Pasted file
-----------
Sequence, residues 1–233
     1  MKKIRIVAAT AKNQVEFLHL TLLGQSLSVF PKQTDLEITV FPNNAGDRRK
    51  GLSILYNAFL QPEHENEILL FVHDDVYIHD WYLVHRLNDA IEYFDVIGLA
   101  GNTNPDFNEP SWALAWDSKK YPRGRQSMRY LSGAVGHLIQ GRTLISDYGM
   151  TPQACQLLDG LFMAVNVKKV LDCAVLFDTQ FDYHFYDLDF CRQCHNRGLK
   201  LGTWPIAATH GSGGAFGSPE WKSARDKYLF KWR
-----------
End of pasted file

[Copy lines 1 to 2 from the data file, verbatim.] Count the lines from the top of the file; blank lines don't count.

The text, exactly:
Sequence, residues 1–233
     1  MKKIRIVAAT AKNQVEFLHL TLLGQSLSVF PKQTDLEITV FPNNAGDRRK